Characterizing Energy Expenditure during Sedentary Behavior after Stroke

Olaf Verschuren*, Femke De Haan, Gillian Mead, Ben Fengler, Anne Visser-Meily

*Corresponding author for this work

Research output: Contribution to journalArticlepeer-review

Abstract

Objectives: To measure and calculate the energy expended by people with stroke during near sedentary behaviors (lying, supported and unsupported sitting, standing, wheelchair propulsion, walking), under controlled laboratory conditions, and to compare these values with the energy expenditure of 1.5 metabolic equivalent task (MET) within the definition of sedentary behavior.

Design: Cross-sectional cohort study.

Setting: Rehabilitation institutions.

Participants: People with stroke (N=27; mean age, 61.0±11.7y), categorized at Functional Ambulation Categories (FAC) 0 to 5.

Interventions: Not applicable.

Main Outcome Measures: Energy expenditure (measured using indirect calorimetry) expressed in METs. The recorded values were calculated for every participant and averaged for each activity: lying, supported and unsupported sitting, standing, wheelchair propulsion, and walking. Calculations were done for the total group and categorized by the FAC.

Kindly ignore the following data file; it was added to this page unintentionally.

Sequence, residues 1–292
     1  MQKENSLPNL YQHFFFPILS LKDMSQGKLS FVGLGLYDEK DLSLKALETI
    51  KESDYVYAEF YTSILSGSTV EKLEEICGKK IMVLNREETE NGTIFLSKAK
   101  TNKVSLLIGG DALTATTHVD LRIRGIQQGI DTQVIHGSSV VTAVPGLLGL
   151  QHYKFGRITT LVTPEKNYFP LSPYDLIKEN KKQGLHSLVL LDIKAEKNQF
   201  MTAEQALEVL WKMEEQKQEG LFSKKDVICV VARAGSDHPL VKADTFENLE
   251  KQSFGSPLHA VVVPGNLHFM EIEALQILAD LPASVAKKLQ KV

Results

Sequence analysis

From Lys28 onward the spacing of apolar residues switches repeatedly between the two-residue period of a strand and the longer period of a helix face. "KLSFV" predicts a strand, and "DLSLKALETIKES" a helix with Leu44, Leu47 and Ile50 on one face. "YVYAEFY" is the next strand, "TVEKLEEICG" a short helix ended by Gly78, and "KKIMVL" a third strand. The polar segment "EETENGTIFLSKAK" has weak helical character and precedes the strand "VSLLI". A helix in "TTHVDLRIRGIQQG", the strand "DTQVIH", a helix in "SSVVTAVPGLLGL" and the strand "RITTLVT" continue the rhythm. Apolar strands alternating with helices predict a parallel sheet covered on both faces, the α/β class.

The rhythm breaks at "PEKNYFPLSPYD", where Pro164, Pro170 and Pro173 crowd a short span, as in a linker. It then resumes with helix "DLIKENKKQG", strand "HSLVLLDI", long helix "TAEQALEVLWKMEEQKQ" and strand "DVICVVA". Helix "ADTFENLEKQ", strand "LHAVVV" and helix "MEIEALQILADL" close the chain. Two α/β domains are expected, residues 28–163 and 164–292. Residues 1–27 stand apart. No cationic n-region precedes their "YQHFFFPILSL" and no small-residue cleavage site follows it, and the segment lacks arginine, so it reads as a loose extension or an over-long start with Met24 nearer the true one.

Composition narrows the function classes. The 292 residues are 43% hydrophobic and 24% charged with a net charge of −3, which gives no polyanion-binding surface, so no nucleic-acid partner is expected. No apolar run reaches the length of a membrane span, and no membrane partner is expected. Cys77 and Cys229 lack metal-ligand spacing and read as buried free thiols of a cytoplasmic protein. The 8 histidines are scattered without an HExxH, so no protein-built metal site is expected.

Results: For the total group the mean METs ± SDs were 1.04±.11 for sitting supported, 1.09±.15 for sitting unsupported, 1.31±.25 for standing, 1.91±.42 for wheelchair propulsion, and 2.52±.55 for walking. People with stroke in all FAC had METs values >1.5 when propelling a wheelchair or walking.

Conclusions: Energy expenditure during typical sedentary behaviors (ie, sitting) is narrowly bounded at approximately 1.0 MET. Energy expenditure during sitting and standing was ≤1.5 MET for all FAC, with the exception of FAC 0 (1.6 MET during standing). Independent wheelchair propulsion and walking can be categorized as light activities (≥1.5 MET).

Original languageEnglish
Pages (from-to)232-237
Number of pages6
JournalArchives of Physical Medicine and Rehabilitation
Volume97
Issue number2
Early online date4 Nov 2015
DOIs
Publication statusPublished - 1 Feb 2016

Keywords

  • Health
  • Rehabilitation
  • Sedentary lifestyle
  • Stroke

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